Although enterprising gamers have been doing it in some form for almost as long as online games have been around, Sony has officially made a site where you can pay actual cash for special virtual items in Everquest II. This is not exactly a big surprise, as it's not only an evolution of what's been going on between individuals for years, but a sort of inbetween step for the future, because it's already been heavily hinted that online services for future MMOGs will feature some sort of official marketplace system where you can soup up your character or get some tricked out items for the right price. And hey, most of us gamers are people who have jobs and some semblance of a social life, so I certainly see the advantage to buying some kickass armor or sword since you just don't have the time to spend endless hours questing for it. But at the same time, any real gamer will tell you that any item they gained through tons of hours of questing and hard work has a special sentimental value too them. It definitely would feel hollow to just buy some super-powerful item. I last thing I want is to be playing the next big mmorpg and listen to some jackass brag about how he just laid out a few hundred bucks so he could start out with the best equipment in the game while I'm still busy trying to survive with my cardboard armor and stick +2.
And Sony and Toshiba have finally pulled their heads out of their collective asses and decided that it would be a good idea to come up with just one format for the next generation of dvds rather than risk pissing off the consumer public. Supposedly this may lead to some issues with the PS3 since their previous hardline devotion to blu-ray may need some adjustment, but I bet Sony had some plan in place before they called for a truce anyways, so this probably won't cause any unknown delays (and I know there already has been many rumblings about exactly what we are going to see at E3, but that's still a month away, so I don't want to waste a good blog on that yet, especially before any concrete details surface).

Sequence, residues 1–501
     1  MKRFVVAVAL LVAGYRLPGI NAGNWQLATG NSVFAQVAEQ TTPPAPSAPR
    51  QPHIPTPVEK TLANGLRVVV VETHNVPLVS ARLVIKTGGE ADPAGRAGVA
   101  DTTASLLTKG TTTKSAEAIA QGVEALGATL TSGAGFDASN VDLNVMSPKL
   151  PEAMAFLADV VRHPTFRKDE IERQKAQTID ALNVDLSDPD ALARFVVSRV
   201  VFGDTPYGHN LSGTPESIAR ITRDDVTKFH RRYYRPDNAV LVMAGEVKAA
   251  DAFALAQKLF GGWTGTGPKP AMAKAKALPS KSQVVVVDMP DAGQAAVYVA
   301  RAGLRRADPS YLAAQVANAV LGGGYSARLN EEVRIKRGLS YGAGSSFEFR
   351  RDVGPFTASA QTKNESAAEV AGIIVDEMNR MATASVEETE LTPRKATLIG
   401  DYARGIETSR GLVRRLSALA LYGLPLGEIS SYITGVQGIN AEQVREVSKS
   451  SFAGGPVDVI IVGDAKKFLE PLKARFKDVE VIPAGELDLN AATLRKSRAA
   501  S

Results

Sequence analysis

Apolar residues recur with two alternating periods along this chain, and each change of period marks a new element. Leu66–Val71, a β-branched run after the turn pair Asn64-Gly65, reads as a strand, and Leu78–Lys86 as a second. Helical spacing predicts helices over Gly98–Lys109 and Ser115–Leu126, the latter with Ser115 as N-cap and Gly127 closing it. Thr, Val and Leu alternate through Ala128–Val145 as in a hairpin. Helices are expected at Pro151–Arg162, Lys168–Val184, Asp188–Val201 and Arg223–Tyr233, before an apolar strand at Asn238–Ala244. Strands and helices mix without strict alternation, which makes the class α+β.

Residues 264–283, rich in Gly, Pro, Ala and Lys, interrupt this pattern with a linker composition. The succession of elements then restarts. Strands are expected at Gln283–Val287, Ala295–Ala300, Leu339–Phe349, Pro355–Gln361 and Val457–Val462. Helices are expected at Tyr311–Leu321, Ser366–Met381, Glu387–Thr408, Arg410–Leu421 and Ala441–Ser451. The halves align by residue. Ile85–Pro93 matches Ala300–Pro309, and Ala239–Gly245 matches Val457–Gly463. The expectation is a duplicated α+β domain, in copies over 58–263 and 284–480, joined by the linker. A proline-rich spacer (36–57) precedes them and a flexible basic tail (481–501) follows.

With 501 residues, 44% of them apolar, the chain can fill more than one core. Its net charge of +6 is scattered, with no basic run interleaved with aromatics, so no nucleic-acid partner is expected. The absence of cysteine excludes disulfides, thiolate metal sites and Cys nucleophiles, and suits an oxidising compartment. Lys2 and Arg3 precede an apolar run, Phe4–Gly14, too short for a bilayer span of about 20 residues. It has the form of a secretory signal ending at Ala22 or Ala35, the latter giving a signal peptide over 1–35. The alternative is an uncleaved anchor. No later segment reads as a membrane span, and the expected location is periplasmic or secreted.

Finally, I did play some of Unreal Championship II, and what I really like about the game is that the story mode trains you well for the online mode, because it's the same stuff. It sounds stupid, but neither Halo 2's or Time Splitters 3's story mode gives you any sort of preperation for the multi-player because it's such a vastly different experience. In UC: II, you are a competitor in a tournament, and it helps more naturally prepare you to go online rather than feeling like you have to go and practice offline against some bots to get better. My only major complaint is that you have to either jump into an already started game or create your own, which can lead to a lot of frustarting losses for you or opponents. There's no reason this shouldn't have a match system similar to Halo 2 and many other games where you get everybody in a room first and then go. Chaos Theory sort of has this issue, but you can also see if the game has been started yet.
That's really all for today, till next time...